I know that everyone always says that derby is the most accepting of sports, but I absolutely disagree. This sport is not for everyone, at least not at the levels that it seems to be reaching for. Even casual teams who don't aspire to play on the level of Gotham, probably shouldn't take everyone who is interested in derby. I know this sounds counter to the whole DIY philosophy of derby, but hear me out. Derby, is not really for everyone, and certainly not for everyone at every time in her or his life. If you are actively recruiting for your league, maybe you should consider some of these reasons not to play derby before you get all gung ho and rabidly recruit people.
Reasons not to encourage someone to play derby
1. They are the sole provider of income for your household. Look, derby is dangerous. Dangerous, dangerous, dangerous. Yes, I know you can hurt yourself pretty terribly in real life, but you're upping your chances when you play derby. Not only have I seen people screw themselves up learning to skate, but I've seen just about every other kind of injury during derby. Spiral fractures, popped ACLs, shoulder injuries, elbow injuries and the ever sneaky concussions are just a few of the possible injuries waiting for you in this sport. It's hard to support your family when you can't do the basic requirements of your job. Some people have amazingly understanding bosses, some people do not, and some people are self employed. It kind of sucks when you're taken off of your feet by an injury, and you're self employed. I understand that people have to make their own decisions, but sometimes people don't really understand just how hurt you can get in derby.
2. They don't have a lot of money to dedicate to the sport. As derby has developed, it's gotten way way more expensive. A good set of skates can cost $500, and wheels can be up to $120 per full set. Now, pile on top of the "start up fees" league dues, travel money, gas money and jersey costs. Derby ain't cheap, and it's just getting more expensive as teams are forced to travel further and further in search of ranked games. Maybe derby isn't the best idea for them at this time. Does that mean forever? No, but it might be something to think about.
3. They don't have a lot of time for the sport. How long does it take to create a good derby player? I'd guess, even the most talented of skaters take a while to marinate in derby juices until they're at their peak of flavor. Ok, that was gross, but that's how I think about the developing of the derby skater. If your potential recruit is playing another demanding sport, working 40+ hours a week, and has a lot of familial obligations, derby might not fit into her or his very busy schedule at this point. People don't necessarily comprehend the time drain that is derby, and they just can't really dedicate themselves when they do figure it out. Nothing sucks worse than training someone, seeing that spark, and then having them realize that they can't actually commit themselves to the sport.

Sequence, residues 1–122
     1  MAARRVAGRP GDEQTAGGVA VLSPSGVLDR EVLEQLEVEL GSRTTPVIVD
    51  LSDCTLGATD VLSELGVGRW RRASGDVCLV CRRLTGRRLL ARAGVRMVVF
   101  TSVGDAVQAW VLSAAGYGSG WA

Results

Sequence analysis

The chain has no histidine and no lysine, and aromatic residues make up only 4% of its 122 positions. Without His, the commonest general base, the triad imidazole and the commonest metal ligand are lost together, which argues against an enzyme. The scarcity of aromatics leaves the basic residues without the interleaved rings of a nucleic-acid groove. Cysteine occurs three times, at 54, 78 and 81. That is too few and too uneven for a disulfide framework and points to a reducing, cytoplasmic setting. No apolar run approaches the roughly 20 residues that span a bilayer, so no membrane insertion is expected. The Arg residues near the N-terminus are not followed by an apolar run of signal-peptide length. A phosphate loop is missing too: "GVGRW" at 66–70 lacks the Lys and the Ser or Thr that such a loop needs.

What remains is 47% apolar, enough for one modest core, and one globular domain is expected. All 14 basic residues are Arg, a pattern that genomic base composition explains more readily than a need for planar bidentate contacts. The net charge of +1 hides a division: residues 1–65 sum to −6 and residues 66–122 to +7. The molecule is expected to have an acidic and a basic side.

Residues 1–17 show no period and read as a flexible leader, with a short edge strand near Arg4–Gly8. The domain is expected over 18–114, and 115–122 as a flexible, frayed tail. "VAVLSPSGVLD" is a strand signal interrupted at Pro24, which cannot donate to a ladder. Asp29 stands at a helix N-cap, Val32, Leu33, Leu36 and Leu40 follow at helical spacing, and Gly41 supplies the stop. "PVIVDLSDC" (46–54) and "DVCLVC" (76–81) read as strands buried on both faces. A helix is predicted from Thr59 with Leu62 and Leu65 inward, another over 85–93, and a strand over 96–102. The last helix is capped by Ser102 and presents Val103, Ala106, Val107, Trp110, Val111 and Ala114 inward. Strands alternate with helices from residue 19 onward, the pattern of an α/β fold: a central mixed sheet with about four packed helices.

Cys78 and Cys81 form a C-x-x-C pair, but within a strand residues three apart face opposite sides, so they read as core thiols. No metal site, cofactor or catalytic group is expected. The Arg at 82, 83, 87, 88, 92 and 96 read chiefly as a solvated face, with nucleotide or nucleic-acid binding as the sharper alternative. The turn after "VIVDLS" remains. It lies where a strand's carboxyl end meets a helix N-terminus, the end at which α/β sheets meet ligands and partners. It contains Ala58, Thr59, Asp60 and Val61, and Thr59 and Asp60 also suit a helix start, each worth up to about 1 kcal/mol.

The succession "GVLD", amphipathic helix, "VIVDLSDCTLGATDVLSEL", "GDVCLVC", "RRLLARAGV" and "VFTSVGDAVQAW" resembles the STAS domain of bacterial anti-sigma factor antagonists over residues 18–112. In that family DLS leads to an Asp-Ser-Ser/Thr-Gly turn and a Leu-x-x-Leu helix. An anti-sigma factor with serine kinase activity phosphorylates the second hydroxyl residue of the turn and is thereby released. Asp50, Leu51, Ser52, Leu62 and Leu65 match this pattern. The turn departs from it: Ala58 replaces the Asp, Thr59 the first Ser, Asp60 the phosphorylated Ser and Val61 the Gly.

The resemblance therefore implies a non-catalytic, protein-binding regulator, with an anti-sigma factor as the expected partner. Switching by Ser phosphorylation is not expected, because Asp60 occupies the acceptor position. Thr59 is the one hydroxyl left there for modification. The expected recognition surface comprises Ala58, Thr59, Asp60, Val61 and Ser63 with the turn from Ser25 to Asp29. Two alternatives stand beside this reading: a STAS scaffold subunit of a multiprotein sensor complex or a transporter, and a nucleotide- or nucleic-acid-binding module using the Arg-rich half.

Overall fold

4. Their fitness level is low or non-existent. I can hear it now, "But Q! Derby loves all body types!" Of course it does. Who am I to describe what a successful skater looks like? What I'm saying is that if a person who hasn't worked out ever in life wants to join derby might have a long haul ahead of him or herself. I have always said in my blog that you don't play derby to get into shape, you get into shape to play derby. Derby, at any level, is physically demanding. Ankles need to be strong, cores need to be tight, and the leg muscles need to be ferocious. Derby demands a certain level of physical fitness, cardio and endurance, and if there isn't a couch to derby app, someone needs to make one.
5. They don't take criticism well. If your potential recruit is a delicate flower when it comes to feedback, then derby is really not a great place for him or her. Many times derby either gives you too much criticism in unpleasant tones, or none at all. People have to be self directed and self aware to strap on the skates. If the recruit you're talking to is in a delicate and vulnerable place in his or her life, maybe derby can wait for less tempestuous times.
Yes, I know, everyone is a "grown ass adult" but sometimes people who haven't had much experience with derby don't necessarily know everything that goes into it. Be a good guide, and be honest with your recruits.